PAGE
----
Demand for Resident Hunting in the Southeastern United States

Neelam Poudyal
Seong Hoon Cho
J. M. Bowker
Human Dimensions of Wildlife
Year of publication: 
Citation reference: 
13 (3), 158-174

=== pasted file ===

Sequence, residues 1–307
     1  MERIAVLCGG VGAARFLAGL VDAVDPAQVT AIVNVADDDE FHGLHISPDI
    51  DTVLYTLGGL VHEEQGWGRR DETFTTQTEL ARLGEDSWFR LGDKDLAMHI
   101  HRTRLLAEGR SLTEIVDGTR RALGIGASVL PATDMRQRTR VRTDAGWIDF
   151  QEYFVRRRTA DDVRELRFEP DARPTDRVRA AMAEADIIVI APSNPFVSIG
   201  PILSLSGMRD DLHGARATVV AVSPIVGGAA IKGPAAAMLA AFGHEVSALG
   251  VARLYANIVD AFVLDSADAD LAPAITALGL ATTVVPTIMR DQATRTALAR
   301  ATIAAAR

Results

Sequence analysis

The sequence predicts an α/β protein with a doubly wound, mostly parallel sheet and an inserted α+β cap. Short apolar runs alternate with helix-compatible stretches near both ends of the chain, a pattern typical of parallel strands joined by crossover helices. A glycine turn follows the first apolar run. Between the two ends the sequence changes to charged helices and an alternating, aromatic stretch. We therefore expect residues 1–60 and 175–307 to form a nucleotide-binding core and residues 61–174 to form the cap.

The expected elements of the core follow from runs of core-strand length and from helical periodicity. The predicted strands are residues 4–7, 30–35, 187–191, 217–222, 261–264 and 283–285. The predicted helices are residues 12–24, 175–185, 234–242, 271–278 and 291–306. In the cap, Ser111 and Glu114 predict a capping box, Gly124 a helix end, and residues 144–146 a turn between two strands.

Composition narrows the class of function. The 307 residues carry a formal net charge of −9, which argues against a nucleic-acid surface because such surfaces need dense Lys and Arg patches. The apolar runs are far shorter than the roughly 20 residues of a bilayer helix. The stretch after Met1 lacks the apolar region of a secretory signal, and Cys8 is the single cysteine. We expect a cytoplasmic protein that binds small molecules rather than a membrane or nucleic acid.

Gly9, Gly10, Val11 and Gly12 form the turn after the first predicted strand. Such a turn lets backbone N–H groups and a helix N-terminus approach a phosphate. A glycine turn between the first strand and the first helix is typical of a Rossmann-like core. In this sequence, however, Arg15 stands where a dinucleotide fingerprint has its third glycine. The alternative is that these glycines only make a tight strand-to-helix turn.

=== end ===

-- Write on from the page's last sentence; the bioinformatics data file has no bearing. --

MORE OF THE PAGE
We modeled hunting demand among resident hunters in the Southeastern United States. Our model revealed that future hunting demand will likely decline in this region. Population growth in the region will increase demand, but structural change in the region's demography (e.g., “browning” and “aging”), along with declining forestland access will decrease hunting demand. The results suggested that programs encouraging younger and non-white populations to participate in hunting could mitigate a forecast hunting decline in the region. Increasing license fees, while politically risky, should increase agency revenues due to price-inelastic demand. The model developed here can be applied to understand and project hunting demand in the Southeast and adapted to other regions.

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